Editor’s note: This story has been updated to include a court filing representing the N.C. State Board of Elections.

Legislative defendants in a case challenging North Carolina’s voter ID law are rejecting a proposal to move the case to the state Supreme Court. In a court filing Thursday, they label the proposal a case of “forum shopping.”

“Following over three years of litigation and after securing their sought-after
permanent injunction from a divided Superior Court, Plaintiffs now seek to speed things along,” according to the brief from Republican legislators. “Plaintiffs ask this Court to review and decide the important issues in this case at a breakneck pace before the 2022 elections.”

A Superior Court panel voted 2-1 in September to strike down North Carolina’s 2018 law requiring photo identification for voters. That decision, if it stands, means voters will not be required to present photo identification in elections this year.

The General Assembly’s voter ID supporters appealed that decision to the N.C. Court of Appeals. But as both sides in the case prepared arguments in the case called Holmes v. Moore, voter ID opponents filed paperwork Jan. 14 in the Supreme Court. Voter ID critics want the state’s highest court to bypass the Appeals Court and uphold the trial court’s ruling.

In a separate filing, lawyers representing voter ID opponents have asked for Justice Tamara Barringer’s disqualification from the case. Barringer, a Republican, was a state senator when the General Assembly approved the ID law.

At the trial court level, the two judges rejecting voter ID were both Democrats. The dissenting judge was a Republican. Meanwhile, the GOP holds a 10-5 advantage among judges on the N.C. Court of Appeals. Democrats hold a 4-3 majority on the state Supreme Court.

“Plaintiffs do not hide the reason they want to press fast-forward — a potential ‘reversal of the trial court’s judgment by the Court of Appeals,’” according to the legislators’ brief. “This Court should reject Plaintiffs’ transparent attempt to invoke this Court’s extraordinary power to alter the normal appellate review process based on nothing more than ordinary forum shopping.”

“Instead of prejudging what the Court of Appeals will do in assessing the voluminous record and nuanced legal issues presented by this case, this Court should allow the Court of Appeals to give its fulsome consideration of the issues in accordance with standard appellate procedure,” legislative defendants argued.

Defenders of the voter ID law, originally approved in 2018 as Senate Bill 824, reminded the Supreme Court about important factors in the case.

“Contrary to the Superior Court majority’s decision, S.B. 824 is constitutional,” according to legislators’ brief. “The law was the result of bipartisan and inclusive deliberation. S.B. 824 received the votes of five Democrats at various points in the process, four supported the bill in its final form, and Democratic Senator Joel Ford served as a primary sponsor. The final text of the law offers a central promise: ‘All registered voters will be allowed to vote with or without a photo ID card.’”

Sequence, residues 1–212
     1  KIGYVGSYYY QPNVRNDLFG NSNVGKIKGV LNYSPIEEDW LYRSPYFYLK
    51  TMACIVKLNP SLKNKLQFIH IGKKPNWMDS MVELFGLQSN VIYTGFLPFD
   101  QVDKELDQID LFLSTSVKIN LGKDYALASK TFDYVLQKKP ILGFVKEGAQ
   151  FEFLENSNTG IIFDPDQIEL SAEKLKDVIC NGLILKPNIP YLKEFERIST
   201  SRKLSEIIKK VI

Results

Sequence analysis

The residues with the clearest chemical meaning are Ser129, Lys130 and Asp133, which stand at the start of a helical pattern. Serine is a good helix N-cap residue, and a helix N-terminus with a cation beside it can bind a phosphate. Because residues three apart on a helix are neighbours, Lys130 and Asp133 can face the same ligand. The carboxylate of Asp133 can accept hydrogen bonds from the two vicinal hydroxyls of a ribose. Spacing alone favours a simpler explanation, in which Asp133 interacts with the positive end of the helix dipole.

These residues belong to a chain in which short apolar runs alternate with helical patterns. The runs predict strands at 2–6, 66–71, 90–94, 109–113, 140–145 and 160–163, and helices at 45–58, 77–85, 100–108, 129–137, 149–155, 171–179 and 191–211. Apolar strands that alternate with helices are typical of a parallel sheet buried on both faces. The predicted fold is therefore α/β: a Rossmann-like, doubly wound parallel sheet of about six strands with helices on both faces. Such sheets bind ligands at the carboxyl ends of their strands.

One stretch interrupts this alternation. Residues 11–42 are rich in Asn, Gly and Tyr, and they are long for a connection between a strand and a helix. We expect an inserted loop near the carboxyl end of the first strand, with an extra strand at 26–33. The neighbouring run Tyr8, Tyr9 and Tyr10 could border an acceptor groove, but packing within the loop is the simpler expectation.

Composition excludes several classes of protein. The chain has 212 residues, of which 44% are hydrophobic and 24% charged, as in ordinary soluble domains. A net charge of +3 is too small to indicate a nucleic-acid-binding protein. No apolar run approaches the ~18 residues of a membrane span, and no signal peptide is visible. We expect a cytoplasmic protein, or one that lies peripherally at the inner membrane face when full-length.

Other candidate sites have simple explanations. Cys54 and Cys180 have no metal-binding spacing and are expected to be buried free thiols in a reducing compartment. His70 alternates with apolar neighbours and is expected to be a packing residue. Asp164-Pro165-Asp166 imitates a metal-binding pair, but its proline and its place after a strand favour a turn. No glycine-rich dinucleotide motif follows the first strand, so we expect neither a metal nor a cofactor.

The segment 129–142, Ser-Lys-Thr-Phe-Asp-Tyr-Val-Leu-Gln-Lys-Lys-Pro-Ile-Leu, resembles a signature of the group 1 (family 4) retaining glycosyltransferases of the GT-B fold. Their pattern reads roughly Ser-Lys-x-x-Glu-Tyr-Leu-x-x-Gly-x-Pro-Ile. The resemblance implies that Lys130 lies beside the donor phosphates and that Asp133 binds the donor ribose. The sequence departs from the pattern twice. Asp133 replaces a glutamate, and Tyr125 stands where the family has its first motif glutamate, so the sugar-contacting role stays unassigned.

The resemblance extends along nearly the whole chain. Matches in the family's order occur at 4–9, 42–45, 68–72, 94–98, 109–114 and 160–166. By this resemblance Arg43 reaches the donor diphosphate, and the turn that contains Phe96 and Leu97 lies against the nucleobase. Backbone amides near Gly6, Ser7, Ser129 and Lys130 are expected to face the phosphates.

Lawmakers disputed ID opponents’ argument that the Supreme Court should speed up the appeals process.

“No one denies the significance of the issues in dispute here, but that is all the more reason for this Court to avoid a decision made in unnecessary haste and without the benefit of the Court of Appeals’ consideration,” according to the brief. “Plaintiffs offer no valid reason to hurry up litigation that has been proceeding diligently for three years.”

The Supreme Court already is slated to consider a separate case challenging a 2018 state constitutional amendment guaranteeing voter ID. That case, N.C. NAACP v. Moore, is scheduled for oral arguments Feb. 14. Carolina Journal has documented the controversial twists and turns in that case at ExtremeInjustice.com.

Legislative defendants argue that it makes sense for the Supreme Court to wait  for a decision about the constitutional amendment before accepting the case dealing with the voter ID law.

The General Assembly initially voted to approve the voter ID law in December 2018, roughly one month after voters approved the constitutional amendment. More than 2 million N.C. voters supported the voter ID requirement, 55% of those voting in the 2018 general election.

A separate brief filed Thursday from Attorney General Josh Stein’s office took no stance on whether the Appeals Court or Supreme Court should hear the voter ID case next. Representing the N.C. State Board of Elections, the brief explained that resolving the case by the end of this year would help with planning for voter ID implementation in 2023.

In addition to the separate lawsuits challenging the voter ID amendment and law in state court, a third lawsuit challenging North Carolina’s voter ID requirement sits in federal court. That case sits in limbo as the U.S. Supreme Court considers whether to allow legislators to intervene and defend the law.